Conference vs. Unconference by David Gammel - summarising the alternatives


There is definitely more :)

More on: unconferences 

  Late at night

It's dark and quiet - only clicking of the keyboard. My two favourite men are asleep and I'm typing. I can easily picture myself like that - in a few months - working on the finishing touches of my dissertation.

Still a few months to go - I'd better get some sleep before the little man wakes up :)

More on: life PhD writing 

  Monday, July 02, 2007

  Finding confidence

Between PhDs at work we have a saying, quoting our former director, professor Chris Vissers: "PhD is about developing your judgment". It even part of our family jokes, since Robert and me got into dating just after his PhD party (so, after a couple of years working next door to my office he finally had his judgment right :)

I always felt Chris was right, but over last month I had an opportunity to experience it.

Over last couple of years I'd frequently fall into "low dips of the PhD research" loosing motivation, believe in my topic, confidence that what I want to do with my PhD research would actually be accepted methodology-wise...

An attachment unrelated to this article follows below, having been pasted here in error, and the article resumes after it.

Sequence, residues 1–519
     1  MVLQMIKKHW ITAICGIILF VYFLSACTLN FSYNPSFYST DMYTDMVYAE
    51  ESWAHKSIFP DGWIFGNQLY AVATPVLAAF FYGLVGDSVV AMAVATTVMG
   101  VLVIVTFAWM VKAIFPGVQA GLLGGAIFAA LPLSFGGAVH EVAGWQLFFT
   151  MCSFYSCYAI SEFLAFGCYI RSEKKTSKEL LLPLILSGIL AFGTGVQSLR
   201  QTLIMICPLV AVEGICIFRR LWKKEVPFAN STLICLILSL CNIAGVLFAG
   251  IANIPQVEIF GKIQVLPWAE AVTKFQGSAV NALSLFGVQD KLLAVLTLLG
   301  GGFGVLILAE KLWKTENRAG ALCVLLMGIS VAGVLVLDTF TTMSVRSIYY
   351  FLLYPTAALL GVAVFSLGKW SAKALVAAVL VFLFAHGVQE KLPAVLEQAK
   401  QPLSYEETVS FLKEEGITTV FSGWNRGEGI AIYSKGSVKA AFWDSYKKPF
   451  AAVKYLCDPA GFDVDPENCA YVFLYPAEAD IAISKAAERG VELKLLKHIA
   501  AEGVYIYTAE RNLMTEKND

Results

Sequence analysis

My post about a year ago is pretty much about it:

Today, discussing some of my methodological struggles with a visiting professor I've heard once again "if you believe it should be like that just do it like that". I've heard it so many times during my research, but today I looked at it differently - as far as I'm my own source of doubts the process of looking for confirmations from others will last endlessly.

The world is so multifaceted that there always be places of not fitting in, always a space for an improvement. If you write for a feedback there is always a chance of unhappy readers.